Yaad rahega pyar ka yeh – Mukesh/Lata – Sonik-Omi – Vinod/Moushumi | Umar Qaid (1975)

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Movie:

Yaad rahega pyar ka yeh song was featured in 1975 Gautam Pictures’ Bollywood action movie Umar Qaid (Life Term or Life Sentence for an accused) directed by Sikandar Khanna and produced by V K Sobti. The movie starred late Sunil Dutt, Jeetendra, late Vinod Mehra, Moushumi Chatterjee, Reena Roy, etc.

The movie opens with a scene within the bad men’s den where they plan to bump off Vinod (Vinod Mehra), the customs officer; who has been confiscating several of their illegal goods arriving in India. Next, it is Vinod’s entry scene where he bumps into Dr. Bharati (Moushumi Chatterjee) and an accident is averted. It turns out that both are in love with each other. In the next shot, they are on a date in a garden and singing this song.

Song – Yaad rahega pyar ka yeh:

Gulshan Bawra penned the lyrics of this song and Sonik-Omi composed the music.

The man and his beloved sing to each other that they would remember their dates with each other and would establish a small world of their own within the real larger world.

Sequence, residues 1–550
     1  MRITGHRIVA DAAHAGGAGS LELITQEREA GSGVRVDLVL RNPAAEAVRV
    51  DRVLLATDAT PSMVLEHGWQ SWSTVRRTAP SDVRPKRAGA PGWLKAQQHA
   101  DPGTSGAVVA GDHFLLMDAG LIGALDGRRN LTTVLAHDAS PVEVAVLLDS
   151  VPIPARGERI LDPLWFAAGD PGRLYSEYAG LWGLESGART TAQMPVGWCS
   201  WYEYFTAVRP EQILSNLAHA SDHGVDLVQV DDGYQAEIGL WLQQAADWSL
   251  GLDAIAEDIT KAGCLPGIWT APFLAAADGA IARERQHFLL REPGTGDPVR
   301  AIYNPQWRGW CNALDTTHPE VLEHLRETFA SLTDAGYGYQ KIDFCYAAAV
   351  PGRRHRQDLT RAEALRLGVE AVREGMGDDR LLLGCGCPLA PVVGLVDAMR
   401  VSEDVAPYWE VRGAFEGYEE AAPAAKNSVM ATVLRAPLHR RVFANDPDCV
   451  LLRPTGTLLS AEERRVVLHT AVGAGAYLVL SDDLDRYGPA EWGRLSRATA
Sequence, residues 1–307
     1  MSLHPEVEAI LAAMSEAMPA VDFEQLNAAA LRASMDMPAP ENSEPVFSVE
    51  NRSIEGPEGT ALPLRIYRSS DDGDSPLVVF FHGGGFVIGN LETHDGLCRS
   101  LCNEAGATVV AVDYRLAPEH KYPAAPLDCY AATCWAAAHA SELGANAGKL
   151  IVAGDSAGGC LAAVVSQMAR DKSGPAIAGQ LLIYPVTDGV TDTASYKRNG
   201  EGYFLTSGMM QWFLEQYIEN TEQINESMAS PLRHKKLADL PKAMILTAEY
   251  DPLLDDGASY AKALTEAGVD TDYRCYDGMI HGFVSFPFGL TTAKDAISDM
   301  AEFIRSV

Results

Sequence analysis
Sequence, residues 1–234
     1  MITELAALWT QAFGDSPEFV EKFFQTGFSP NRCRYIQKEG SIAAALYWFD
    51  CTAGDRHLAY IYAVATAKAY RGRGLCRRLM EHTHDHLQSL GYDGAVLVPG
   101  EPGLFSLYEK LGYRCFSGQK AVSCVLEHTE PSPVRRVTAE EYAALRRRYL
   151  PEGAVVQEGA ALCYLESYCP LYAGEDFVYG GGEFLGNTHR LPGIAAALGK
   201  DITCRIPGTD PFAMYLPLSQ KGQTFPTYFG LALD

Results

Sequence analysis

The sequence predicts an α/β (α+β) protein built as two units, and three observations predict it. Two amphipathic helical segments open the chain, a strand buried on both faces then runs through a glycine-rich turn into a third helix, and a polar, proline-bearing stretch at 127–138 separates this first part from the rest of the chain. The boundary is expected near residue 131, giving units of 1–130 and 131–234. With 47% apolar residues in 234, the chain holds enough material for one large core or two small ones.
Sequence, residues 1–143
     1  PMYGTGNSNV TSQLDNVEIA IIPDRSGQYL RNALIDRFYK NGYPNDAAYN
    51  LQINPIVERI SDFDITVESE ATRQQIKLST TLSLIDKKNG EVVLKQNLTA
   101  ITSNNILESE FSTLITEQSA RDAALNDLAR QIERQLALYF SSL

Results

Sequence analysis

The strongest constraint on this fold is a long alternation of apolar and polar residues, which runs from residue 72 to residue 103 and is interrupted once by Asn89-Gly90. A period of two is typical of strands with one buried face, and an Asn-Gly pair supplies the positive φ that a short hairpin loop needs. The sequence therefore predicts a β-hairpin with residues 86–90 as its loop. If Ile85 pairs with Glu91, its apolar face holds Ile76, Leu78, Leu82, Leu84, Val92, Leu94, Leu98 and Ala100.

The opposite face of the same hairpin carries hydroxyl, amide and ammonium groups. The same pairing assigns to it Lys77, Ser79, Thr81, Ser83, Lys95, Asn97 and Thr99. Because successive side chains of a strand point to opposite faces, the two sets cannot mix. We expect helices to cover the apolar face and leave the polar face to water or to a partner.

Video:

The cinematography is by Sudarshan Nag.

The video opens with Vinod Mehra beginning the song. He and Moushumi Chatterjee are hugging each other. She also joins him in the song with an aalap. As she begins the song, Moushumi Chatterjee runs in slow motion! During the 1970s, there was a trend where lead actors were shown running in slow motion, during song sequences.

Moushumi Chatterjee returns to Vinod Mehra to hold his hands. She hugs his back. They recline together on the lawn. Soon, they are standing and she garlands him. They have peanuts and crisp fried puffed rice. The song rises to a crescendo and it ends. The camera focuses on the setting sun and the video also ends there.

Artists:

Mukesh and Lata Mangeshkar had given the playback for this song and Vinod Mehra and Moushumi Chatterjee had performed onscreen.

Cultural Influence:

This typically filmi song is one of my favorite compositions of Sonik-Omi from the 1970s. I love the vocal chemistry shared by Mukesh and Lataji. But, I feel a tinge of sadness in this song. It could be a hint that things will not be hunky-dory, soon. The song is worthy of a suno and the video is also watchable.

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